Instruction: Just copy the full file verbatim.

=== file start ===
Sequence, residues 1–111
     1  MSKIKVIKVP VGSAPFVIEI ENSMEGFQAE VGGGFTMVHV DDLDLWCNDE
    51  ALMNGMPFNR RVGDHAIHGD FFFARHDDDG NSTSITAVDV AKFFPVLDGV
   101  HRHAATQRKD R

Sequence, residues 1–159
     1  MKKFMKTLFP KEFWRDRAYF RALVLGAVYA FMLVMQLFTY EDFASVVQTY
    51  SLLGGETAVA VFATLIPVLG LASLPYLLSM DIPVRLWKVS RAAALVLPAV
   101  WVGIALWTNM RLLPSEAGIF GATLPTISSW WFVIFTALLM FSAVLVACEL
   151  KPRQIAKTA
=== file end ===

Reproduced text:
Sequence, residues 1–111
     1  MSKIKVIKVP VGSAPFVIEI ENSMEGFQAE VGGGFTMVHV DDLDLWCNDE
    51  ALMNGMPFNR RVGDHAIHGD FFFARHDDDG NSTSITAVDV AKFFPVLDGV
   101  HRHAATQRKD R

Sequence, residues 1–159
     1  MKKFMKTLFP KEFWRDRAYF RALVLGAVYA FMLVMQLFTY EDFASVVQTY
    51  SLLGGETAVA VFATLIPVLG LASLPYLLSM DIPVRLWKVS RAAALVLPAV
   101  WVGIALWTNM RLLPSEAGIF GATLPTISSW WFVIFTALLM FSAVLVACEL
   151  KPRQIAKTA